CFR admits the West created the crisis in Ukraine

Despite the propaganda pages of the Western media promulgating the lie that Russia instigated the chaos in Ukraine, chief U.S. foreign policy think tank – the Council on Foreign Relations (CFR) – admits the West was the perpetrators of the coup and has destabilised the country. Professor of Political Science at the University of Chicago, John J. Mearsheimer, wrote an article featured in the CFR’s publication, Foreign Affairs, titled: Why the Ukraine crisis is the West’s fault. In the article Mearsheimer documents that “most of the responsibility for the crisis” lies with “the U.S. and its European allies” who are attempting to “integrate [Ukraine] into the West”:

“The United States and its European allies share most of the responsibility for the crisis. The taproot of the trouble is NATO enlargement, the central element of a larger strategy to move Ukraine out of Russia’s orbit and integrate it into the West. At the same time, the EU’s expansion eastward and the West’s backing of the pro-democracy movement in Ukraine — beginning with the Orange Revolution in 2004 — were critical elements, too.”

Mearsheimer continues:

“Although the full extent of U.S. involvement has not yet come to light, clear that Washington backed the coup…The United States and its allies should abandon their plan to westernize Ukraine and instead aim to make it a neutral buffer….. It is time to put an end to Western support for another Orange Revolution…..The result is that the United States and its allies unknowingly provoked a major crisis over Ukraine”

Mearsheimer also notes that present U.S. strategy only serves to “drive Moscow and Beijing closer together”.In  addition, he points out that Russia has legitimate concerns over NATO’s eastward expansion since the end of the cold war, and that Washington should understand these concerns as they would not accept a great power – such as China – encircling the U.S.:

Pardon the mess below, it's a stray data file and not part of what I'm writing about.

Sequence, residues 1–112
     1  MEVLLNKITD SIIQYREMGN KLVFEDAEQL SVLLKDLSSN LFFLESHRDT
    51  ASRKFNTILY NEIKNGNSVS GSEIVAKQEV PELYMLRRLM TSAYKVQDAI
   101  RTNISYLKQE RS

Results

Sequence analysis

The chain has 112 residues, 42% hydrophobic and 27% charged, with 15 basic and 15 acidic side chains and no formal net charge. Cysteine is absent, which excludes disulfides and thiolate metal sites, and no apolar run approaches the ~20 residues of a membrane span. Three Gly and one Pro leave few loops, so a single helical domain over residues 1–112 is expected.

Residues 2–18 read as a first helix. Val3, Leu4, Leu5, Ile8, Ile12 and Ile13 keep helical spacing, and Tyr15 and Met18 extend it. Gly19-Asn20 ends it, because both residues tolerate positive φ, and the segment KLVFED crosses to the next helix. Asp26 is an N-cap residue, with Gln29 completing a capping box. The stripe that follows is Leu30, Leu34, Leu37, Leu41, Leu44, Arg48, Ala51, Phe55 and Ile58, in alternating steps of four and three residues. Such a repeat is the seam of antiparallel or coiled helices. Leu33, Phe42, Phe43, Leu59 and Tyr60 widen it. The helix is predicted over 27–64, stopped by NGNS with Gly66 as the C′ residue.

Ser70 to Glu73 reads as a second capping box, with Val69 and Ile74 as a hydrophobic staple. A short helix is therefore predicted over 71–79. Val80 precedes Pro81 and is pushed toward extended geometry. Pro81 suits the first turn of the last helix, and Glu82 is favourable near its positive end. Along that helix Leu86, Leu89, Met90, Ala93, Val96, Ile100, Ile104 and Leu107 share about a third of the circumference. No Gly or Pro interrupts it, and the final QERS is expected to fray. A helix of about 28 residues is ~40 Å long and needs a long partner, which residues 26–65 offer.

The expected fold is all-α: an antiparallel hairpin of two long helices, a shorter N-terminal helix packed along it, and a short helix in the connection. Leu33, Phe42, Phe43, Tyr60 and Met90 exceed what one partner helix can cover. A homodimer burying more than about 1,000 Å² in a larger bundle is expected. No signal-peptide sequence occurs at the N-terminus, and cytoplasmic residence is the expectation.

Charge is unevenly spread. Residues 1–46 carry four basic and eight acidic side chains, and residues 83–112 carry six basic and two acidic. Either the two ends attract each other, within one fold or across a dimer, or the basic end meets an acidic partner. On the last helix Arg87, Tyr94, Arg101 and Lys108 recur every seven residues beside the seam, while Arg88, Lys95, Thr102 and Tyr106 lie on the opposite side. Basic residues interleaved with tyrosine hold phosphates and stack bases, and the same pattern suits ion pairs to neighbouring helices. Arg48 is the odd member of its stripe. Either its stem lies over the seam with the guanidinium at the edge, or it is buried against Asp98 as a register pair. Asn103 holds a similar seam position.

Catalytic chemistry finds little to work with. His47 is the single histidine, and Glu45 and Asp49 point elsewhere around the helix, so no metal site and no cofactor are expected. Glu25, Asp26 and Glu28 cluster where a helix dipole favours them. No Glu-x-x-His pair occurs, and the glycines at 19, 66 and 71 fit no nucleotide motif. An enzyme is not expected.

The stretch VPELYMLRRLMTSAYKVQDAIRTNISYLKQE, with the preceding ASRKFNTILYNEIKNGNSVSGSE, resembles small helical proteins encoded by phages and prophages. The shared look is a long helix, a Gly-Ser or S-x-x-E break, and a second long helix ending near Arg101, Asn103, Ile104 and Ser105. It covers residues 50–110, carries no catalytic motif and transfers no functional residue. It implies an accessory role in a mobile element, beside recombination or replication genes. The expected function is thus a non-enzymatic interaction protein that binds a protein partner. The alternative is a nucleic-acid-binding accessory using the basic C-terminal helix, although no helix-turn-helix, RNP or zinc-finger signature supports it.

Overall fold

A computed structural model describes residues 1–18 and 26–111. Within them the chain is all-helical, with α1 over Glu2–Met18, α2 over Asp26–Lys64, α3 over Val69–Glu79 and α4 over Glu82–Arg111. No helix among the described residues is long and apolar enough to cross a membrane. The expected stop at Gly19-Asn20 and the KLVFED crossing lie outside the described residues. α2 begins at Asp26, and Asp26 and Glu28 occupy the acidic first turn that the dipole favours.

“Washington may not like Moscow’s position, but it should understand the logic behind it. This is Geopolitics 101: great powers are always sensitive to potential threats near their home territory. After all, the United States does not tolerate distant great powers deploying military forces anywhere in the Western Hemisphere, much less on its borders. Imagine the outrage in Washington if China built an impressive military alliance and tried to include Canada and Mexico in it.”

The West should indeed “abandon their plan to westernize Ukraine” and refrain from supplying arms to Kiev, in order to make way for peaceful, constructive and pragmatic dialogue which is inclusive of all parties, and stabilise the mess the West created. This would pave the way for the Ukrainian people to determine the future their country takes, without outside interference.

Steven MacMillan is an independent writer, researcher, geopolitical analyst and editor of  The Analyst Report, especially for the online magazine “New Eastern Outlook”

This article was published at the New Eastern Outlook and is reprinted with permission.